Archbishop's Message


Dear Brothers and Sisters in Christ Jesus,

As we know, following the incessant rains and the consequent floods in our neighbouring state of Kerala, the biggest devastation that the state has experienced in the last century, over 400 people have lost their lives and over 1.3 million people have been displaced. At this moment of suffering and loss, we stand one with the people of Kerala in the process of their rescue, relief and rehabilitation. I would like to sincerely thank all the priests, religious and laity of the Archdiocese of Madras-Mylapore, for their overwhelming response to my appeal dated 16 August 2018 for contributions to be forwarded on behalf of the Archdiocese. Our parishioners have responded generously to the announcements made in the parishes over the last few weeks and we have made sure that these contributions reach those who need them the most.

I would also like to extend our appreciation to the Madras Social Service Society (MSSS, the social wing of the Archdiocese), the Vincent De Paul Society, the Youth Commission and various other organizations and teams of our Archdiocese, who have reached out to those in need. In addition to these material and human power contributions, I would like to also insist on the value and need of our prayers for our brothers and sisters in Kerala. I am sure that our prayers will strengthen the hope and faith of those who have lost their loved ones, their possessions and their livelihood. May I therefore request you to pray for the afflicted in our family prayers, our common worship and in our personal prayers, as well.

Prayer is a bond that unites us to each other as much as it also unites us to God. As I have mentioned in my previous reflections in this column, when we pray together as a family, we extend the boundaries of our families to include those around us, beyond the boundaries of sects, regions and religions. Prayer is a powerful integrating factor. All along the history of Christian Spirituality, prayer and community have always been regarded as two supreme values which complement each other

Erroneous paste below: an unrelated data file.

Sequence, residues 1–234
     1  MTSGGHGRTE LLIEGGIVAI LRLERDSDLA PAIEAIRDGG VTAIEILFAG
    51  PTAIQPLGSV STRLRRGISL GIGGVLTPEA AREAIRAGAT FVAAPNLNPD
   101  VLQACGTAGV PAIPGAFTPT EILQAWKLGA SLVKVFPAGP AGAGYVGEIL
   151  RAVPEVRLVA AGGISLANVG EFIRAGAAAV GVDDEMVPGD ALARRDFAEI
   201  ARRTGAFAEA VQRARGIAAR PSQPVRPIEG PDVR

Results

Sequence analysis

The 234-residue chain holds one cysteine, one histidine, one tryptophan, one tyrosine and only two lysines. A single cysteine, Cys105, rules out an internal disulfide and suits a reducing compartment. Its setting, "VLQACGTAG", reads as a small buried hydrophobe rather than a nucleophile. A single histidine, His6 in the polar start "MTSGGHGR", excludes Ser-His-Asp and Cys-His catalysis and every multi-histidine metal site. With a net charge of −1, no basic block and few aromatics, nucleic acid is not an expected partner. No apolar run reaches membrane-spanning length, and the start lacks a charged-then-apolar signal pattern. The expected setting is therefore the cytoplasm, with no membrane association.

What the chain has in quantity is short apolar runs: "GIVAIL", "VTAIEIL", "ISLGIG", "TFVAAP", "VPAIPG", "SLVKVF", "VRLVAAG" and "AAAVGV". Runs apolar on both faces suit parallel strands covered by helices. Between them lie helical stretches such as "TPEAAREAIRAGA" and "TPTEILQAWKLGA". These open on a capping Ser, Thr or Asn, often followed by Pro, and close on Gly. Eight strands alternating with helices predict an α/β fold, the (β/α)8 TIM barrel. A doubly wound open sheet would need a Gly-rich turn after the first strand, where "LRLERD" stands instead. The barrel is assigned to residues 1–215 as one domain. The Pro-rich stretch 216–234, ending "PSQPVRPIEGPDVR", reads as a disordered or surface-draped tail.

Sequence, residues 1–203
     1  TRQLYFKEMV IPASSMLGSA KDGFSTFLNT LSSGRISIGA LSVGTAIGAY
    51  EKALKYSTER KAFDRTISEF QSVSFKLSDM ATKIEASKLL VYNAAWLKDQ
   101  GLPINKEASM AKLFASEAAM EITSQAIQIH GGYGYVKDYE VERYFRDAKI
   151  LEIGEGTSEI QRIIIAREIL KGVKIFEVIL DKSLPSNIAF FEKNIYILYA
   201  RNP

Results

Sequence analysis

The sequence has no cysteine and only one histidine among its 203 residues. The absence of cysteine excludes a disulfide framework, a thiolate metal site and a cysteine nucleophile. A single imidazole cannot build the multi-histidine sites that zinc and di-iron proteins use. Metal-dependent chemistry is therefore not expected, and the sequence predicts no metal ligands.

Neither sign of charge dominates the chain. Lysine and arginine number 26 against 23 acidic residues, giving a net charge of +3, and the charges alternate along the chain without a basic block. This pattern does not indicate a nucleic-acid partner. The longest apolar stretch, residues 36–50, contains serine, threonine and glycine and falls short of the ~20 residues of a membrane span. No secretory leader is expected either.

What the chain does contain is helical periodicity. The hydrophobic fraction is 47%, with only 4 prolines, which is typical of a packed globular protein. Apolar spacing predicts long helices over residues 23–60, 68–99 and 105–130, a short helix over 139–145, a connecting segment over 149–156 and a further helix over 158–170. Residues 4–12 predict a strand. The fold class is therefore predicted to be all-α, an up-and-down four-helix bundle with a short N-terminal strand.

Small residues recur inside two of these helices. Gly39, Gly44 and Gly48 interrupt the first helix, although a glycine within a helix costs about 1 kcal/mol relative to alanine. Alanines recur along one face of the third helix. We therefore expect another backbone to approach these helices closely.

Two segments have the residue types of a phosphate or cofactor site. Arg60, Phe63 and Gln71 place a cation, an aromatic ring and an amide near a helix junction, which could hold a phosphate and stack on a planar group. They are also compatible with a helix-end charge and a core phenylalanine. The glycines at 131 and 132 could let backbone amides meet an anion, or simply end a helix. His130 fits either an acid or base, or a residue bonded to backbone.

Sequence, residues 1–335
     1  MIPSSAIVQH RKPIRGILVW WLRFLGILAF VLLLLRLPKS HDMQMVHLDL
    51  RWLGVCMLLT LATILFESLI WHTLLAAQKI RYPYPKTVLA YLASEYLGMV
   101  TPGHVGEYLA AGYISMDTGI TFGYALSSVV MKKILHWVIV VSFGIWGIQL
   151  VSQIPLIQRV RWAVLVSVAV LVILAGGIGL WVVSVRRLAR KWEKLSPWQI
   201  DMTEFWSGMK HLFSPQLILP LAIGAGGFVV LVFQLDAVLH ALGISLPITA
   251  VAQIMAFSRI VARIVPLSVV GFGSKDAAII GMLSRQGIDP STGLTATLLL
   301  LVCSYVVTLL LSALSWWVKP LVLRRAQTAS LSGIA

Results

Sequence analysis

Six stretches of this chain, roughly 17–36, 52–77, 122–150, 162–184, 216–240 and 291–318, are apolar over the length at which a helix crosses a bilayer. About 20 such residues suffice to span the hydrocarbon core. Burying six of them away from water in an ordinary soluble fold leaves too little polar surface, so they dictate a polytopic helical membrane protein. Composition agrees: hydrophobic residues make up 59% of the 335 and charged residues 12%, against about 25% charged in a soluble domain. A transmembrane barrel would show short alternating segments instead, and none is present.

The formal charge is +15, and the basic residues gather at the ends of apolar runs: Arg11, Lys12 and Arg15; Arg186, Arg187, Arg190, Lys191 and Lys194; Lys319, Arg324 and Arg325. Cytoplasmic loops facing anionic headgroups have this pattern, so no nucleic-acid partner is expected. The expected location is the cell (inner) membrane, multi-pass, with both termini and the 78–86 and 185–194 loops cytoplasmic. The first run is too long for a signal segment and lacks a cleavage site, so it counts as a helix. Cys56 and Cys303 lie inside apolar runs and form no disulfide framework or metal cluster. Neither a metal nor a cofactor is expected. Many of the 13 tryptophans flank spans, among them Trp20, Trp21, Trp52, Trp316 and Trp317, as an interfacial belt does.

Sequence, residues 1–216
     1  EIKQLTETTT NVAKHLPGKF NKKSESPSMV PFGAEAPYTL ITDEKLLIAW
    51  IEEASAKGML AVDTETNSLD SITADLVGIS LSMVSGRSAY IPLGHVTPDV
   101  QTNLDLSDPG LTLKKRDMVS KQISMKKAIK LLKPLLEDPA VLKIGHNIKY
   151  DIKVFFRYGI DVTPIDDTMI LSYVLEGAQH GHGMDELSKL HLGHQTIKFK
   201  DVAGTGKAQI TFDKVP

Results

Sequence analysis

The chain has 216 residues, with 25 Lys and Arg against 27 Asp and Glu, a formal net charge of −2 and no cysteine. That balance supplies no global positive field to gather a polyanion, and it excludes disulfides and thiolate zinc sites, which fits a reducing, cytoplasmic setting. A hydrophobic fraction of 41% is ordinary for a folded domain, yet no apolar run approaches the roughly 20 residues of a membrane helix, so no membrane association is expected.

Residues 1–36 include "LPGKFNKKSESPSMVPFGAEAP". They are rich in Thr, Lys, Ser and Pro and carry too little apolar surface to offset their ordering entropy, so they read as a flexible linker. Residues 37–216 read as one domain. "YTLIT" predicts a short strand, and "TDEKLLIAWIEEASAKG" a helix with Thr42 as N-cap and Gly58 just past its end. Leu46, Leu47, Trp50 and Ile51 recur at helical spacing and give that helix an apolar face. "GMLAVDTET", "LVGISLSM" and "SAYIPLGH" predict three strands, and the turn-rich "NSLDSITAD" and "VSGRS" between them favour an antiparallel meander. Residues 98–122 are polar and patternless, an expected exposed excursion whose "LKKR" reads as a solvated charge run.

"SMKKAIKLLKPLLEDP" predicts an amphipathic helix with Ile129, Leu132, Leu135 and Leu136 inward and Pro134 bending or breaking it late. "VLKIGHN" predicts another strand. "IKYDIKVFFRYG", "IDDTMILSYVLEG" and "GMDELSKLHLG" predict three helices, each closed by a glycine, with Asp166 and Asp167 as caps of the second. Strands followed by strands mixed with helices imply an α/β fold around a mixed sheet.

• Prayer is the privileged expression of the love of God, the vertical dimension of Christian existence.
  • Community is fraternal love, the horizontal dimension.

Creating community, either in the form of friendship in the family at home or in the form of apostolic love in the larger communities of one’s work means to recognize our common unity in Christ and to break down the barriers that separate us from each other. Friendship and apostolic love are variations on this theme of fraternal love or community. Creating community at home through Family Prayer is the primordial apostolate and is therefore the backbone of Church’s mission. Once rooted in our families, the apostolate of creating communities extends to larger communities of our lives, such as our Anbiyams, workplace, school, neighborhood and incorporates any person in need.

Therefore in my opinion, our contribution to the rescue, relief and reconstruction of the lives of the people of Kerala, is an extension of our family apostolate, rooted in prayer and embracing a cosmic consciousness to reach those in need of us. The sensibility of community life is not some Platonic abstraction, but an apostolate that becomes evident in our communion, koinonia.

The decree on the adaptation and renewal of religious life, Perfectae Caritatis, proclaimed by His Holiness Pope Paul VI recognizes the ultimacy of prayer and community by setting them as the goal of apostolic love. The decree states, “…the members of each community should combine contemplation with apostolic love. By the former they adhere to God in mind and heart; by the latter they strive to associate themselves with the work of redemption and to spread the Kingdom of God.”

Prayer signifies an interaction. It is always communal. By definition, a Christian is a member of Christ, joined to Him by faith and Baptism and having access to the Father through Him. Hence prayer without Christ is inconceivable. While at the same time, union with Christ is also communion, koinonia, with other members of Christ. For this reason Christian prayer in and through Christ, is communal by its very nature. Even in the most intimate, personal prayer, we cannot disassociate ourselves from our brothers and sisters; they are part of us and Christ takes us to those he wishes to reach out to. Thus Christian prayer always has the dimension of community apostolate, either explicitly, as in the liturgy, or implicitly, as in our Family and personal prayers.

May our prayers for our brothers and sisters in Kerala inspire us to an apostolate of creating communities as a living witness to our Christian discipleship. May the Blessed Mother, whose birthday we celebrate this month, pray for us and our families.

With prayerful wishes,


Most Rev. George Antonysamy

Archbishop of Madras - Mylapore